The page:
Where twenty years ago Linda Evangelista could command £30,000 for a show, nowadays models can earn as little as £300
According to Ashley Mears, a professor of sociology at Boston University, and a former model, between 2000 and 2010, 47% of models appearing on catwalks at one of the four major fashion weeks around the world appeared only once. She writes on the Boston University website: “At the agencies I studied, the median earnings were estimated by agents to be under $60,000 a year, but that’s a very uncertain sum which fluctuates over short periods of time, and agents expect models’ high-fashion careers to last less than five years. A sizeable share — 20% of the models at one agency I studied — were actually in debt to their agency for the costs of starting their career, such as pictures for their portfolios or even a place ticket to New York.”
Now, more than ever, designers and casting directors are interested in new faces on the catwalk. Amanda Bretherton, the president of Next Models London, attributes that to the following: “Firstly, designers have decided to use their finances more wisely and not spend huge amounts on one-off fees for supermodels. Secondly, I think there is a true desire not to have the models detract from the actual collection by being too well-known and in turn stealing the show. If they can choose girls who look very similar, they create an image of uniformity which then means the clothes stand out within the show.” Karlie Kloss, one of the industry’s top models, confirmed the latter in an interview with Vanity Fair, claiming that designers have told her she’s “too famous” to walk in their shows and that her appearance on their catwalk would mean “no one will pay attention to the clothes”.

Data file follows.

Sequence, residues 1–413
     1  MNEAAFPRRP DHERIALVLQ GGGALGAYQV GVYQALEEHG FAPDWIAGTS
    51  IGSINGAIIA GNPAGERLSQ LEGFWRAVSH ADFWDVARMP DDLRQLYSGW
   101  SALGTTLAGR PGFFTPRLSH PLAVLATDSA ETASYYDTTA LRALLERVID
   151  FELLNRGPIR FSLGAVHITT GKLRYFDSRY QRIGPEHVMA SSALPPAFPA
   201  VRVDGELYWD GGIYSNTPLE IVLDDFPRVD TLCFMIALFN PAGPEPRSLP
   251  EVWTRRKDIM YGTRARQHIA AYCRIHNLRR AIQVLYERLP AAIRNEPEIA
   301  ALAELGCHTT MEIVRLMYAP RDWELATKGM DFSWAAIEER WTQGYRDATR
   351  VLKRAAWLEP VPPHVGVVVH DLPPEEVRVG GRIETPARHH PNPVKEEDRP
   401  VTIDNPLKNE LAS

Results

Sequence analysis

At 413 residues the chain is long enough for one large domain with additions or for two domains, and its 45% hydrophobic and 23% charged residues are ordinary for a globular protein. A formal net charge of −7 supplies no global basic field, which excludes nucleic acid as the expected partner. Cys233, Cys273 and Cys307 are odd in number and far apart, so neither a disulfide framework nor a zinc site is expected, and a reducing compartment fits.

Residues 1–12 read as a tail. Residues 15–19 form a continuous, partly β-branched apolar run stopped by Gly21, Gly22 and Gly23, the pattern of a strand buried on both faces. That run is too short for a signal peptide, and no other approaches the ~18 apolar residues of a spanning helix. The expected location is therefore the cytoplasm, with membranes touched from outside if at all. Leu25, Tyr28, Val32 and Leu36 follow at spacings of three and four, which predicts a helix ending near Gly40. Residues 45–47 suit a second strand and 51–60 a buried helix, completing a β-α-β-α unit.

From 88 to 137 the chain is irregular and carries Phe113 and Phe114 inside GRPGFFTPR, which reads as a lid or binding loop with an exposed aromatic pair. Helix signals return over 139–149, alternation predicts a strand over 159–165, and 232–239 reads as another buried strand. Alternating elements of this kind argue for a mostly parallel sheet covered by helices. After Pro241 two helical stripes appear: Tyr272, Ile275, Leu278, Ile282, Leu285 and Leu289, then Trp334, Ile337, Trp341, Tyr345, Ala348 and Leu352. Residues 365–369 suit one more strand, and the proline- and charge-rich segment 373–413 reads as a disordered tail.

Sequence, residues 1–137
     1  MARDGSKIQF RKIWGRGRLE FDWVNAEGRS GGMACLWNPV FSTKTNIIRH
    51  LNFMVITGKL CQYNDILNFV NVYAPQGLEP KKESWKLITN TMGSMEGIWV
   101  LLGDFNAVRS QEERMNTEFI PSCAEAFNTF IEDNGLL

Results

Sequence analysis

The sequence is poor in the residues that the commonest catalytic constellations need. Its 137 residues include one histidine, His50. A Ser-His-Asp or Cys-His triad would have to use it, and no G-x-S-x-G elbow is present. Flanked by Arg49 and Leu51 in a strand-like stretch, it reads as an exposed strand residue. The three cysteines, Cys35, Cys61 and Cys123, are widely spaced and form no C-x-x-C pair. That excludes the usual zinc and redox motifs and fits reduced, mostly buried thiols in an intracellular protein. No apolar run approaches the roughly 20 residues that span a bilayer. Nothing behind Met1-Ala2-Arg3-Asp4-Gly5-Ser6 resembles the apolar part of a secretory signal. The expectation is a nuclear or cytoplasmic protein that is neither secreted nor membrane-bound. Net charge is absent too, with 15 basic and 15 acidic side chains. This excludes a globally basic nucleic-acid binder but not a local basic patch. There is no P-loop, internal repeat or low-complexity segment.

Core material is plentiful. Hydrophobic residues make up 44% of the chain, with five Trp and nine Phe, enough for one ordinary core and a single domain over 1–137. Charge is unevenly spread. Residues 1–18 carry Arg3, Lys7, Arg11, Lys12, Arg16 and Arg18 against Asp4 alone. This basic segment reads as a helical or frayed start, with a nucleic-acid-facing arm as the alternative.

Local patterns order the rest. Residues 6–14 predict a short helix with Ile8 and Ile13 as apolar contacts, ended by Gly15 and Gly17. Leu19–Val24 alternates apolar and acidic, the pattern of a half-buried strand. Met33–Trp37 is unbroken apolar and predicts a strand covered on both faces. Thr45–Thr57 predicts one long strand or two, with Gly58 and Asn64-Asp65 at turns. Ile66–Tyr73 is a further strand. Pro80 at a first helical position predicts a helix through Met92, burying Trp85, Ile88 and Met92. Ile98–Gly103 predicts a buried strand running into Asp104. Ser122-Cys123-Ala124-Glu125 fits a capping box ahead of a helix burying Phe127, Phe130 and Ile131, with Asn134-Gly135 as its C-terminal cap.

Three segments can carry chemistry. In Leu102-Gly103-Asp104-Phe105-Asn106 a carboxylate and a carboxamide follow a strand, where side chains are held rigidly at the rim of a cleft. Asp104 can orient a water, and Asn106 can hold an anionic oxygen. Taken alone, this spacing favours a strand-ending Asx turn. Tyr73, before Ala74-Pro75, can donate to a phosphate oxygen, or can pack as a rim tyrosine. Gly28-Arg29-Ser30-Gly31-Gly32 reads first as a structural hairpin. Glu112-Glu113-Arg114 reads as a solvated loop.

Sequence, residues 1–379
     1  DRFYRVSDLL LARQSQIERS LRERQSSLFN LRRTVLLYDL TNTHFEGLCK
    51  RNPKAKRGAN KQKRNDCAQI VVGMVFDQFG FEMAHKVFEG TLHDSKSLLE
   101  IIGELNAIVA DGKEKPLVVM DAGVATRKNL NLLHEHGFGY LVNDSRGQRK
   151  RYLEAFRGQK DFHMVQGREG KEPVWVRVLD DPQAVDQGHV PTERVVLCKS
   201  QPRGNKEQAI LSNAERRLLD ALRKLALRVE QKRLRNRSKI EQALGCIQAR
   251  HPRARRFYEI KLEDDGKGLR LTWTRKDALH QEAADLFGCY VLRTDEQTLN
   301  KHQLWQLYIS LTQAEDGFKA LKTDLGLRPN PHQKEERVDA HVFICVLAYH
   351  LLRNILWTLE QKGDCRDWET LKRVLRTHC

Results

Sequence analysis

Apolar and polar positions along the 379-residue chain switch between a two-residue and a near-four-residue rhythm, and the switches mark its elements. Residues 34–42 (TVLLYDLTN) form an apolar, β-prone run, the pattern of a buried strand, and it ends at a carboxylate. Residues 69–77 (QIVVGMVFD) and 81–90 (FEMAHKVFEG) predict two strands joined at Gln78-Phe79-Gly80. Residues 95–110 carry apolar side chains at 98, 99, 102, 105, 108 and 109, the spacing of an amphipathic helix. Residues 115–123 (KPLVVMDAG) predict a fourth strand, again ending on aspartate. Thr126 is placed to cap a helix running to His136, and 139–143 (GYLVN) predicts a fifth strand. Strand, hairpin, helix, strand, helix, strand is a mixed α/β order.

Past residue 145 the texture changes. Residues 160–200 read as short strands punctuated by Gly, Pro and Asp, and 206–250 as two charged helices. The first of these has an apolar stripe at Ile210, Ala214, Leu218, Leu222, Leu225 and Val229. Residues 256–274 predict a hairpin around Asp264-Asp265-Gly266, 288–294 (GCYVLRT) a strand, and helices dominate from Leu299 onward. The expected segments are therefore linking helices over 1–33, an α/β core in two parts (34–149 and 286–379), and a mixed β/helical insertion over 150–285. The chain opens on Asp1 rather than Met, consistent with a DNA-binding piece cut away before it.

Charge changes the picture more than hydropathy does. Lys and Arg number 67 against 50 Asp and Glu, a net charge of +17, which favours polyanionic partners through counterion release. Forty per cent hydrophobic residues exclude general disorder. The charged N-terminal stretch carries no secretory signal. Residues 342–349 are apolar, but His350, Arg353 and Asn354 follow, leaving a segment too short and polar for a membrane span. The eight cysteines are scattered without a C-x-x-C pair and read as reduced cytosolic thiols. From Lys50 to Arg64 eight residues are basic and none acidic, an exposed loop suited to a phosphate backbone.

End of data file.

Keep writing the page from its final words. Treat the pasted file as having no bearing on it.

That those models who do manage to forge a career are required to have “additional talents” is an added irony in an industry predicated on selling luxury while paying those whose images they are utilising very little. As Bretherton points out, today’s models “must dominate not only the runway but social media, campaigns and editorials. Whether they act, or design, or have a strong social media presence, they need to be more desirable for casting directors.” To that end Kloss, 23, who can only be booked for a catwalk show via “special arrangement”, has a line of gluten-free cookies, Karlie’s Kookies’, the proceeds of which go to the charity FEED, and promotes technology via her scholarship at the Flatiron School in New York, Kode with Karlie, which sponsors 20 girls between the ages of 13 and 18 to attend coding classes. In July she launched her own Youtube channel, Klossy, which documents her daily life, showing her backstage on a Glamour cover shoot or making “apple krisp”.
Is the age of the supermodel over? Carole White, the CEO and founder of Premier model agency, which has looked after the careers of Naomi Campbell, Linda Evangelista and Christy Turlington, thinks so: “I don’t think there will ever be new supermodels like there were in the Nineties. There are girls who have a “name” in fashion whilst they are hot; but supermodels were names the man in the street knew.”
Back in Milan, Binx weighs in with a characteristically pragmatic view. “New girls, new girls, every season — you have to accept that,” she says. “You don’t believe in this industry? Well, then you’re not going to be in it. You’ll get thrown away like a toothpick. It’s that simple.” She sighs. “You don’t have to believe in everything, but fighting it? You have to remember: fashion is always bigger than you.”